Johnny and Amber Have Both Already Lost

Amber Heard
Photo by Samir Hussein/WireImage
Matthew Belloni
April 10, 2022

Toby Emmerich‘s 2020 decision to fire Johnny Depp from the Fantastic Beasts franchise is looking prescient. (Why he hired Depp in the first place, given the well-known behavior issues, is another question.) Secrets of Dumbledore may not light up the box office next weekend—overseas, it’s already way down from 2018’s Crimes of Grindelwald—but imagine marketing a family movie when your star is on Court TV debating whether he abused his wife. Nightmare scenario.

Depp’s televised $50 million defamation trial against Amber Heard is set to kick off tomorrow in Fairfax, Virginia, and if that sounds familiar, it’s because this is the second public airing of these sordid claims. Depp already lost a U.K. case against Murdoch’s The Sun, which called him a “wife beater.” The judge there issued a brutal ruling, finding “overwhelming evidence” that Depp assaulted Heard many times during their 15-month marriage—not exactly the outcome Depp envisioned when he sought to take advantage of Britain’s stricter libel laws.

Instead of moving on, however, Depp sued again, this time over a Washington Post op-ed that Heard wrote in 2018, in which she didn’t name Depp but referred to herself as a “public figure representing domestic abuse.” I won’t get into the detailed back-and-forth here, but in short, Heard attorneys Elaine Bredehoft and Ben Rottenborn have claimed Depp punched Heard and hit her in the face with a cellphone; Depp’s lawyers, Kathleen Zellner, Camille Vasquez and Ben Chew, call her allegations an “elaborate hoax” to boost her career by becoming a “darling of the #MeToo movement,” and Team Depp says she’s the abuser, once throwing a vodka bottle at him that smashed and severed his finger. The Times has a good preview of the case here, and the details are ugly.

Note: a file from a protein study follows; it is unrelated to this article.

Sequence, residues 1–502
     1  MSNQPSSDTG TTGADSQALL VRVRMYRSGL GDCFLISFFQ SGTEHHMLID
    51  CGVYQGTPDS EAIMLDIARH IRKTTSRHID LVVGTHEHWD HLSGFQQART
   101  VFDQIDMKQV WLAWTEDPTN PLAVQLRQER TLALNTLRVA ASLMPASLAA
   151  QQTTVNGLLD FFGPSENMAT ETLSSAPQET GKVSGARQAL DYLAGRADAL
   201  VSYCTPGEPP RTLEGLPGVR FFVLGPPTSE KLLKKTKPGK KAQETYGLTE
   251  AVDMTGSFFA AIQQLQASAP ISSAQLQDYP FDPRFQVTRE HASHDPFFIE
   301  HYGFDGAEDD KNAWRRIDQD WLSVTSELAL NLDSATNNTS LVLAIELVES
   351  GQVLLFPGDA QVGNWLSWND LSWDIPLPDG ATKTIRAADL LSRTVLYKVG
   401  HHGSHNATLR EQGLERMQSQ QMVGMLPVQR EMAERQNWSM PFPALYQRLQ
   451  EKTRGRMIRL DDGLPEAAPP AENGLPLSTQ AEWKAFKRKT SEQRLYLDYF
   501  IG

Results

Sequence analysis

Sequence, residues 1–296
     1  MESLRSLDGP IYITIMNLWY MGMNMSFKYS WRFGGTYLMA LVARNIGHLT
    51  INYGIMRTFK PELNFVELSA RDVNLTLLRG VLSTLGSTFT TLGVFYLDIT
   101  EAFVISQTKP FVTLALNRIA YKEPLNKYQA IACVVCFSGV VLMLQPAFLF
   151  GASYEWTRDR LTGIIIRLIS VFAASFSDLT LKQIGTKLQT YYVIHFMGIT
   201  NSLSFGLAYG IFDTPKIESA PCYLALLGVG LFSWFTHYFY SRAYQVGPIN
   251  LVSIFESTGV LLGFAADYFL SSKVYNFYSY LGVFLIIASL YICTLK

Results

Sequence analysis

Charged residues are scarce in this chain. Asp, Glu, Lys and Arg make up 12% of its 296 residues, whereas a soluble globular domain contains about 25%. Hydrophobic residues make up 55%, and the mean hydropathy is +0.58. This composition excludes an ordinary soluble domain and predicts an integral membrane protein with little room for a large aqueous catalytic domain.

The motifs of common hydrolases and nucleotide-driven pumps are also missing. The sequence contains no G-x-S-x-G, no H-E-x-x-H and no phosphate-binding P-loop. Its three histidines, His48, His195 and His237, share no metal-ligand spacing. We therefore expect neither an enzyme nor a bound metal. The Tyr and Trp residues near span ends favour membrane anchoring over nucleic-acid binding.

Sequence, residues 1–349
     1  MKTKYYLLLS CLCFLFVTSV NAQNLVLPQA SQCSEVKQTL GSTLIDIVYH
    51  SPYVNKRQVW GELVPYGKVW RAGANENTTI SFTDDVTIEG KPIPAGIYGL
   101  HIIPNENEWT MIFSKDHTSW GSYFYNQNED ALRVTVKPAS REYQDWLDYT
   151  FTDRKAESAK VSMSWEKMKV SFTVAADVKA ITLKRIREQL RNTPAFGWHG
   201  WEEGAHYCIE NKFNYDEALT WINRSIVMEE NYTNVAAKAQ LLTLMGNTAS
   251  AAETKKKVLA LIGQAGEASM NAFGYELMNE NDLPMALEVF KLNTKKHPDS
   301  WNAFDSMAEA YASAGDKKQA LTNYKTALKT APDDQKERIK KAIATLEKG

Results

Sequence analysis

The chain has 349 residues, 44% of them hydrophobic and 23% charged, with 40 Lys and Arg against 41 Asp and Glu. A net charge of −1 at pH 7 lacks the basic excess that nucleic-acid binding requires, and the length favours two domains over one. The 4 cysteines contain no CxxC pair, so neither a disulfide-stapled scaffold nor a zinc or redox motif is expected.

What’s more interesting to me is the damages question. Libel claims mean nothing unless the person suing can prove he or she has been hurt financially, and a big chunk of the pre-trial litigation has centered on the question of how both Depp’s and Heard’s careers have been impacted by this years-long saga. I’d argue they’ve both been irreparably harmed, so whatever the 12-person jury decides in Virginia, they’ve both kinda already lost.

It’s true that Depp was pretty radioactive even before he and Heard started lobbing verbal bombs at each other. The substance abuse; the bizarre behavior; paying $5 million to shoot Hunter S. Thompson’s ashes out of a cannon. The Pirates 5 shoot was a nightmare, and before that, I was in the audience at the first televised Hollywood Film Awards in 2014, where Depp showed up drunk and could barely speak on stage. Les Moonves almost immediately canceled the show, even though CBS had agreed to air it for two years, and I remember asking him outside the Palladium what he thought. His blunt reply: “What the f— was up with Johnny?

Many wondered. But what really caught the industry’s attention was when Depp left his longtime UTA agent Tracey Jacobs for CAA in 2016, and sued his business managers and lawyer Jake Bloom, claiming they defrauded him. It was a sad end to one of the industry’s most lucrative talent-rep partnerships. Jacobs’ and Bloom’s crafty deals had helped make Depp phenomenally wealthy—the business managers once claimed Depp had earned $650 million in Hollywood, yet Depp eventually had trouble meeting his $2 million-a-month obligations. Bloom was so close to Depp that he accompanied his client for a sweaty induction ceremony into the Comanche nation when Depp played Tonto in Disney’s The Lone Ranger. That’s attorney-client privilege.